J. Tell me how Dead City came to be.

Joey D: Cheetah Chrome played with my band Lost Generation at a couple of reunion shows . We played really well together and we wound up recording some of the Dead Sessions album together. It was something I really felt strongly about doing. That style of music is what I really wanted to play.

J. Lost Generation is a favorite in the CT hardcore scene. Dead City has a different sound. Much more inline with the classic punk of the late 70’s.  What bands most influenced that sound?

Joey D:  I love the New York Dolls, Iggy and The Stooges, The Damned and The Dead Boys. That’s what it punk all comes down to for me. It’s punk at its core.

J. You normally throw a few Lost Generation songs into the set list, like you did tonight. Do you prefer one bands music to the other?

Joey D: I love Lost Generation. I love the fans. I love that people want to hear these songs. They expect them. So I give them what they want. But if I had it my way I’d just play this Dead City stuff. It’s what I feel the strongest about. This is the music that means the most to me. That late 70’s punk sound is what I love. What I feel.I’d been wanting to play this music for a really long time. That’s not taking anything away from Lost Generation. I like everybody I’ve played with and all the fans that come to see us. But I just really like this music more right now. 

J:Cheetah Chrome played with you on the Dead Sessions. Are you still in contact? Do you plan on ever doing anything together again?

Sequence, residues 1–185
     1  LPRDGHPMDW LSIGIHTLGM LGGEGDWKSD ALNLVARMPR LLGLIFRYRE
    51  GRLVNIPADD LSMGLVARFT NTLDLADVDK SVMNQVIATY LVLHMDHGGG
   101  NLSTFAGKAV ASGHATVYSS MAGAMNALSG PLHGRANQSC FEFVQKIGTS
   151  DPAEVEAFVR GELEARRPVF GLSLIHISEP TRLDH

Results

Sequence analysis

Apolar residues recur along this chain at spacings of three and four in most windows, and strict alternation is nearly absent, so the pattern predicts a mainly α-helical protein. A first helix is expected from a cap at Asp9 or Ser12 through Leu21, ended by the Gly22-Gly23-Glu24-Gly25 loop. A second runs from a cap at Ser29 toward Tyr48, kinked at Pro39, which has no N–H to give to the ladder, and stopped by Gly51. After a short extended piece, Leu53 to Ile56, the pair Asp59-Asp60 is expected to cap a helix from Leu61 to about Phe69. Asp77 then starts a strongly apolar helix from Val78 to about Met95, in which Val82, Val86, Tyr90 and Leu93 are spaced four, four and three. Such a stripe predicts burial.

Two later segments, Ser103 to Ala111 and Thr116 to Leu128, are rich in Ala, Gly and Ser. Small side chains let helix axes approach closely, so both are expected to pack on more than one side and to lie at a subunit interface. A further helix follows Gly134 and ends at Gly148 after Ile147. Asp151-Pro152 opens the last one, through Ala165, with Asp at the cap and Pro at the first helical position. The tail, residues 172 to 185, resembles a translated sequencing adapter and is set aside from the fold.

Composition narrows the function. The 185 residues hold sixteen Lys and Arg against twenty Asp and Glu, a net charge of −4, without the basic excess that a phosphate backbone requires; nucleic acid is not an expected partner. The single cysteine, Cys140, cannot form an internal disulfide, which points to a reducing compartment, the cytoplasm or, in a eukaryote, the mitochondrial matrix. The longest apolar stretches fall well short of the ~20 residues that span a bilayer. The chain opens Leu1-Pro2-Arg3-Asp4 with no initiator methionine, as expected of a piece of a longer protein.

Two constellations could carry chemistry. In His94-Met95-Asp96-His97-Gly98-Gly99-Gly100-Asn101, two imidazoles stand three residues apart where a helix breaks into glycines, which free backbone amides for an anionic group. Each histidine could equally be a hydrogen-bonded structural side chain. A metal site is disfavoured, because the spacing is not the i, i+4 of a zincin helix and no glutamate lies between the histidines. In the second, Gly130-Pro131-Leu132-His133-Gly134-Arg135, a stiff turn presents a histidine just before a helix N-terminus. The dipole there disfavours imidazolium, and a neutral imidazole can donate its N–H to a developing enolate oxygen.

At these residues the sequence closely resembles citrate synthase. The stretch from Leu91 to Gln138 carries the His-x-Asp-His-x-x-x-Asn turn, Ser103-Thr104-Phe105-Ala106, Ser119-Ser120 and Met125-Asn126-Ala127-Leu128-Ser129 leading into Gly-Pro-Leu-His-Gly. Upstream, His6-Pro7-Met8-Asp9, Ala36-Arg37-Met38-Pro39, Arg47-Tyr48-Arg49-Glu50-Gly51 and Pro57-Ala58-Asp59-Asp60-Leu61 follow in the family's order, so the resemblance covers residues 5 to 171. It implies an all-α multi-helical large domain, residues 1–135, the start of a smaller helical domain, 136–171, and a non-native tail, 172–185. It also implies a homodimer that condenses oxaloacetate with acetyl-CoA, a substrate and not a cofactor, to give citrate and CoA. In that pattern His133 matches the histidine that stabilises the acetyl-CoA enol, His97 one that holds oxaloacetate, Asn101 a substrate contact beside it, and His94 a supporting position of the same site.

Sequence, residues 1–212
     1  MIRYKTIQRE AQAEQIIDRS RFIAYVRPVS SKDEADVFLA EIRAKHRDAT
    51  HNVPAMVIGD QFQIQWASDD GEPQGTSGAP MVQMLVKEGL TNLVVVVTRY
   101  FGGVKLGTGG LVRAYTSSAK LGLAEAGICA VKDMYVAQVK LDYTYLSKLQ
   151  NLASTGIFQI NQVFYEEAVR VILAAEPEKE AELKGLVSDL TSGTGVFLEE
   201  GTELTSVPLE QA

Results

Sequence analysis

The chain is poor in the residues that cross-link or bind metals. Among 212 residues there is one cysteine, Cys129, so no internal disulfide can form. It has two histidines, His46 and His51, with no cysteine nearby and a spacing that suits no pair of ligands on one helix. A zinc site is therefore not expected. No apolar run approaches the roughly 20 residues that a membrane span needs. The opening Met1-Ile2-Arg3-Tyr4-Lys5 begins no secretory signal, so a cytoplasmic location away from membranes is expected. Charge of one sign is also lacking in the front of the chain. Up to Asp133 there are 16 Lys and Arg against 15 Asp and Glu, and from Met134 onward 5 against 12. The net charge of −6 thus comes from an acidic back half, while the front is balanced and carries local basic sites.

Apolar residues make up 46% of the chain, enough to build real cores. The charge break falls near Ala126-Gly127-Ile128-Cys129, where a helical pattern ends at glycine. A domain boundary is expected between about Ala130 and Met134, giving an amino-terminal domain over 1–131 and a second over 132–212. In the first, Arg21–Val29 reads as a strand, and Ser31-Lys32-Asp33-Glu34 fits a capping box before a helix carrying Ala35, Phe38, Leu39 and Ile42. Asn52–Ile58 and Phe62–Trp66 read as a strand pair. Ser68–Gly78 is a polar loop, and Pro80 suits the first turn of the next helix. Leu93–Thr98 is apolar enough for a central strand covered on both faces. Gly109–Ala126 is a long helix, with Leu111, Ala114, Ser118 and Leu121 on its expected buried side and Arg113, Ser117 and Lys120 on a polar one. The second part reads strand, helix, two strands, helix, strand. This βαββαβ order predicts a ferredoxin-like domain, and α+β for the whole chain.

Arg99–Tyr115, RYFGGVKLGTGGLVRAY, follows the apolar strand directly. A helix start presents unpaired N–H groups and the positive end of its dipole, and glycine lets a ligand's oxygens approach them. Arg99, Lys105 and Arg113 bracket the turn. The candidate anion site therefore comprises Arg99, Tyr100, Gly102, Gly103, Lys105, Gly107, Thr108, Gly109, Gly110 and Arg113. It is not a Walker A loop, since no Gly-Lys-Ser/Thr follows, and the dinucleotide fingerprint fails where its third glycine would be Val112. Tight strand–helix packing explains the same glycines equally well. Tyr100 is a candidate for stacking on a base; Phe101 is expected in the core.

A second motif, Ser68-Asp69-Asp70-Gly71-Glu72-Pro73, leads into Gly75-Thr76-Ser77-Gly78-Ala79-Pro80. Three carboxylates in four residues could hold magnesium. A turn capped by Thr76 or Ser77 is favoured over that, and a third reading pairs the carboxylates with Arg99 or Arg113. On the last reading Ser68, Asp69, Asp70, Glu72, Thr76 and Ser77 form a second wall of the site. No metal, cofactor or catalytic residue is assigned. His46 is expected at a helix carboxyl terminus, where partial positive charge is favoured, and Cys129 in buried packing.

Joey D. I’d love to . Cheetah is a great guy.A really talented guy.

J. Pugs, while you and Cheetah don’t play on any of the same tracks on The Dead Sessions, what does it feel like to play guitar on the same album as such a punk icon?

Pugs: I find that having one of my heroes totally killing it in between tracks of me is very humbling to say the least. I look forward to seeing him at Cafe Nine at the end of November.

J. Do you guys plan on doing any more recording?

Pugs:  Dead City (sans Cheetah) definitely talk about recording some new music.

J. Joe, you’ve been around this scene for most of your life and you’ve played alongside some of the best in the genre. In the song “Nothing” you talk about having no real regrets, except not being able to do it all over again. Do you have any regrets? Do you think you’ll always play?

Joey D: I have no regrets. I love playing. I love the people I got to meet and the bands I got to play with. I don’t have to do this. I’m successful in business, this isn’t about that.It’s all about the music. Not money. Not fame. I love it and I love playing. I think I’ll always do it. I can’t even imagine a time when I won’t.

 

Take a listen and I’m sure you’ll agree that this music is worth hearing.

You can download Dead City on both Spotify and I-tunes.